My entire routine has been so thoroughly disrupted these past three weeks that this blog has suffered the consequences. There’s simply too much going on, not in a bad way necessarily, but more than I have been able to keep up with. But today… Today both kids are out skiing and I have a few hours to write.
Emma has been writing a great deal. In fact Emma wrote three stories as Christmas presents to her granma, her Uncle and Aunt and her dad. Each one is beautiful and poignant and kind of over the top amazing in its complexity and layered meaning. I transcribed the one for her granma ‘here‘. In the story to her Uncle and Aunt, the final sentence was, “No words need to be used to hear love.” Think about that for a second… This kind of insight shows a level of sophistication and poetic understanding of the world few adults have managed to appreciate, let alone, express. Emma is eleven years old.
In the story for her dad she wrote about a daughter who, “Daily she tried to communicate her love for her family, but her words came out of her mouth wrong. In day after day conversation she was misunderstood. Finally she began to write on a stencil board and the words came out right.” I am quoting this here because this is exactly the sort of thing so many of us get hung up on. How many times have we seen or heard parents talk about their distress because their child is not able to say those three words, “I love you”? How many times did I once, not so long ago, lament that my child had not ever said those words without being prompted to? How often did I wonder and question her love? And now… now I wonder why and how could I have ever questioned those feelings? How was it possible that I ever doubted her? I say this lovingly and with tremendous compassion for all who have ever wondered this about their child. We are being given incorrect information about autism and our children. But I wonder if I would be so certain if my daughter were not writing and telling me the things that she is.
As I’ve stated before, writing is hard work for Emma and even though all of us, who receive her words, feel incredibly grateful to read anything she writes, it is difficult for Emma to express herself even in writing. I say this as much as a reminder to myself as to inform those who may not fully appreciate how hard it is for her. Often, when people hear that Emma is writing, and writing some pretty profound insights about the world, herself and autism, they will say, “but why not just give her an iPad or let her write on a computer?” And then I must try to find the best words to explain. It isn’t that easy or that simple, if it were, she would have begun writing a long time ago.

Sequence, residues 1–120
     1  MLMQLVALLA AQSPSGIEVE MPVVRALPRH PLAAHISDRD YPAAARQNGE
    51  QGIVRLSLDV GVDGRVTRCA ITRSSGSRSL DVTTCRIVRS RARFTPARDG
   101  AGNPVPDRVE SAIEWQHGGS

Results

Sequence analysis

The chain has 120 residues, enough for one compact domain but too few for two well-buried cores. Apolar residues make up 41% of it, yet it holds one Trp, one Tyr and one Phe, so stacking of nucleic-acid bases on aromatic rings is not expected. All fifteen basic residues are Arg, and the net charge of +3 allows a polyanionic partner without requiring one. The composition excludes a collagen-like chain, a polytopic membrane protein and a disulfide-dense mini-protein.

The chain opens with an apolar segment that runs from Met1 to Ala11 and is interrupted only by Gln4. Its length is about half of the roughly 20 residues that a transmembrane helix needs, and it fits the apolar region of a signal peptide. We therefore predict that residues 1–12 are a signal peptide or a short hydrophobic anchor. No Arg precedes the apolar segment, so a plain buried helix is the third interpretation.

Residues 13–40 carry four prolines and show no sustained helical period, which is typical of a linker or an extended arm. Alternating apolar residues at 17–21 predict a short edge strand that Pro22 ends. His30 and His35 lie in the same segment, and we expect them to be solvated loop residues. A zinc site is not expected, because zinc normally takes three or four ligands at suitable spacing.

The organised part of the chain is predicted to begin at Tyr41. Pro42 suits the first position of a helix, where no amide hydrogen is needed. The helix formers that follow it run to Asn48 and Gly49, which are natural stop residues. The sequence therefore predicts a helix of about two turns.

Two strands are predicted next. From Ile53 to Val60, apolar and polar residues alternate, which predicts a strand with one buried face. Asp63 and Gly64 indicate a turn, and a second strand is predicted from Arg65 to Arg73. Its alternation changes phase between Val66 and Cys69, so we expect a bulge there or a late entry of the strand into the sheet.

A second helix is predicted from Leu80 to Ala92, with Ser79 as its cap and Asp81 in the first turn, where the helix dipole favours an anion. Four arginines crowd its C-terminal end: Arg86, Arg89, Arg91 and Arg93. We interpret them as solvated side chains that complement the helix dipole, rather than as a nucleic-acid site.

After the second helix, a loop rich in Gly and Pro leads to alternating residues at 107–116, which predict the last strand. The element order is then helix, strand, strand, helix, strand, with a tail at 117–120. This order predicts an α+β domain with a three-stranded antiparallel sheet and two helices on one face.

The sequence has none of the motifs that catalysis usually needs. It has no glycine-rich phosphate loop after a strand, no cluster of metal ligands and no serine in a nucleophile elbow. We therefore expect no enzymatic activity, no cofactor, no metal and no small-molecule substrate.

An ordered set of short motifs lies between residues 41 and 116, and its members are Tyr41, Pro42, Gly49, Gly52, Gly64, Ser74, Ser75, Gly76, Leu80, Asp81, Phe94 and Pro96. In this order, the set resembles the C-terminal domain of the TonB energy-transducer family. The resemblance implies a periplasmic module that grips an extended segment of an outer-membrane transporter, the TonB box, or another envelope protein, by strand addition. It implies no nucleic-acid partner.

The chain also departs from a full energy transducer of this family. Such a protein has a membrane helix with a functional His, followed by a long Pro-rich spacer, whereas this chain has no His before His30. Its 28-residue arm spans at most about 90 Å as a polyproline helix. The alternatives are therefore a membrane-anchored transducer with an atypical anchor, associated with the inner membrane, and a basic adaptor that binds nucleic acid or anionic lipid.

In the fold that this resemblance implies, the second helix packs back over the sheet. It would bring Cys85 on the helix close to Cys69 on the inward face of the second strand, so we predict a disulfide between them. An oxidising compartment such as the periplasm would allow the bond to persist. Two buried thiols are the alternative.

I’ve described before the process ‘here‘ and ‘here‘ that Emma uses to write, one letter pointed to at a time, on a stencil board, while a trusted person transcribes each letter or word one by one. I have worked with Emma since the end of September almost daily and am now one of the people she can and does write with, to express herself. She is incredibly generous in her willingness to allow me to quote her and almost always gives me permission to quote her on this blog, something I am doing more and more frequently!
This morning I talked to her about skiing with a ski pro, asking whether she’d like me to ski too. She told me she preferred that I did not come too, and when I asked what, if anything, she wanted me to tell the ski instructor, she wrote about how she wanted to eat lunch early and then wrote, “Have to understand my mind talks heavy thoughts, but my mouth talks silliness.” I asked her what she advised and she wrote, “Try to be patient and do not over rate talking to each other.”
A message we talkers would do well to appreciate and try our best to implement.
Emma’s Eyes ~ A Self Portrait